Last week the Good Lord tested my marriage as though it were Job.
Our freezer wasn’t working and instead of looking into the more affordable murder-suicide option, my husband decided to call some sort of freezer shaman.
“Maybe we should just get a new freezer,” I suggested, but apparently I’m married to someone who comes from the Don’t Fix It If It’s Broken But Do Fix It If It IS Broken school of thought. The enrollment is quite low in that school, for obvious reasons.
After the repairman left, my husband emailed me.
The good news is that he thinks he can fix it for $300. The bad news is we have to empty out the fridge and freezer and turn them off for 24 hours before he can do that.
I was dreading emptying out the fridge, although I was obviously happy about getting $300 for giving the guy a right to practice his craft on our freezer. That money can come in really handy. Especially since I need a red Mophie.
The Day of Reckoning arrived last Sunday.
I tried to get a a pardon from the Governor, but you try cutting through all the red tape in Albany.
“Let’s just throw everything out!” I suggested. This was my Plan B, after the excellent “Let’s eat everything!” Plan A+ was rejected. Unfortunately Plan B met with a similar fate. Instead my husband had arranged for us to store our refrigerator/freezer contents in our neighbor’s refrigerator/fridge. Unfortunately, our neighbor was away this week, so he just gave us the keys. A better neighbor would have stayed behind to help us transport everything, but that’s a talk that will have to wait until her gets home. I can wait. I know where he lives.
Unfortunately for me, my husband and I were of two different minds as to how to accomplish this task. For ease of reference, I’ll call the two methods “sane” and “insane.”
The sane method was to look at an item and within three seconds decide if it was staying or going. If it was staying, put it in the area that got transported to the safety of the neighbor’s fridge. If it was going, it got placed into the garbage.
The insane method was more elaborate. Every item got picked up and examined. If it was staying, it got put in an area that got transported to the safety of the neighbor’s fridge, a la the sane method. Where the insane method kicked in was if an item was to be discarded.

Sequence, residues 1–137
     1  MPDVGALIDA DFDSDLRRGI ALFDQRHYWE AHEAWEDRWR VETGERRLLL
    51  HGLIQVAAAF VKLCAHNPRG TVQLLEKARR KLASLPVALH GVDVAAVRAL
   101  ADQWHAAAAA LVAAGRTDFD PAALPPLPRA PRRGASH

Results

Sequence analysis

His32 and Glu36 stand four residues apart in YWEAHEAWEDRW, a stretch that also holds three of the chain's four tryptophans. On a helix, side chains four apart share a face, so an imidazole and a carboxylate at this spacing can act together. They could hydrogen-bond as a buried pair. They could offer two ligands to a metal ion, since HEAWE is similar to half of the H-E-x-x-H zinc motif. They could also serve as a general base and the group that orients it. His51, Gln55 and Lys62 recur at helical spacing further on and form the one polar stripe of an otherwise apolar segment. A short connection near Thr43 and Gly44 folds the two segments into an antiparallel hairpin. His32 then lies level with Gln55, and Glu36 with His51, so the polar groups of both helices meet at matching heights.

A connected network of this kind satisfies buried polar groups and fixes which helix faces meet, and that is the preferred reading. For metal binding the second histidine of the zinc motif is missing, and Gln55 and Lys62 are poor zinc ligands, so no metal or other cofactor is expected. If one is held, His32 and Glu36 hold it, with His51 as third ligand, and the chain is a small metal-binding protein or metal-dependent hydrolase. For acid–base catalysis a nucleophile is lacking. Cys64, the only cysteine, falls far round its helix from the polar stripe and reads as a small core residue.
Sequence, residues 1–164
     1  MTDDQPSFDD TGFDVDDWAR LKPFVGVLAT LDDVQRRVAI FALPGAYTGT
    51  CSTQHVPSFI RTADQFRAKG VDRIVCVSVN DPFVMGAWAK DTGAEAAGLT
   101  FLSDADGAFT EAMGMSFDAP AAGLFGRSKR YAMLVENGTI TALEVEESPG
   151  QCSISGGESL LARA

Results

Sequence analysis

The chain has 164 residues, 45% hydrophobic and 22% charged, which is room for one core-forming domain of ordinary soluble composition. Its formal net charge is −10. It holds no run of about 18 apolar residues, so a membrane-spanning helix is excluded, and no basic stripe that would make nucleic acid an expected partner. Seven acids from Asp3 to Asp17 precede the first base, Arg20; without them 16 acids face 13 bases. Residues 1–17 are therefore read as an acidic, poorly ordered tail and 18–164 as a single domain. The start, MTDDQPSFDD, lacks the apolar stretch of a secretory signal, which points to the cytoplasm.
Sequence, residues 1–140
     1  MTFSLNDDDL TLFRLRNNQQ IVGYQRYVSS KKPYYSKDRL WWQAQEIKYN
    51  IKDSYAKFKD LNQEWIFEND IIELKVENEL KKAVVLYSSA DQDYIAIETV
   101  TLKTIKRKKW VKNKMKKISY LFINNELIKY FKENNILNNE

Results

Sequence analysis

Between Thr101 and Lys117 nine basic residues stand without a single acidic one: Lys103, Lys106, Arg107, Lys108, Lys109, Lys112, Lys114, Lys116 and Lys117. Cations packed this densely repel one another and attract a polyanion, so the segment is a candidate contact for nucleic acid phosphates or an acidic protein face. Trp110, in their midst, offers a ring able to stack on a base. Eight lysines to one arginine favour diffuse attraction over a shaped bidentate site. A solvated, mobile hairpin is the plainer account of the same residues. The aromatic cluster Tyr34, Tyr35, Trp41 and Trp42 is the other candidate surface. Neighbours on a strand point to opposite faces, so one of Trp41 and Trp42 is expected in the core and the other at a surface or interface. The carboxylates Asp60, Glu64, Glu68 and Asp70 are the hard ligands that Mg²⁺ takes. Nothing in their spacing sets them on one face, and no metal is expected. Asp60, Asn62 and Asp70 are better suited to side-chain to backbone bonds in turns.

“Let’s see,” my husband held a jar of mayonnaise up in his hand like it was the Statue of Liberty’s torch. “This mayonnaise has been in the fridge for ten years.”
“I don’t think so,” I muttered.
“Yes, I remember it,” he was on his way down memory lane with a jar of Hellman’s.
“It was a different jar 10 years ago. And then there were some others along the way. But this is a new one.”
“It looks like the old one.”
“That’s because Hellman’s doesn’t design individual labels for the mayonnaise. Don’t tell anyone, but I think they may be mass produced or something.”
“I don’t know, we should throw it out.”
“Unless you’re sure that this is new.”
“It’s definitely not 10 years old. Besides we threw everything out after Sandy.”
“Right. So the mayonnaise could be from last November?”
“Look, are we cleaning out the fridge or planning birthday festivities for the condiments? Let’s keep this one but you can throw out the next one?”
“Look at this Tabasco sauce! How long do you think it’s been in here?”
“I don’t know. Who cares? Tabasco doesn’t go bad.”
“I think this is Pre-Sandy.”
“Maybe. Let’s just throw it out unless you want me call forensics in on it.”
And it went on from there. Every item was lovingly examined, aged, and either transported to safety or discarded.
I really hope the freezer guy works his magic because I’m not sure my marriage can survive another go-around of condiment examination.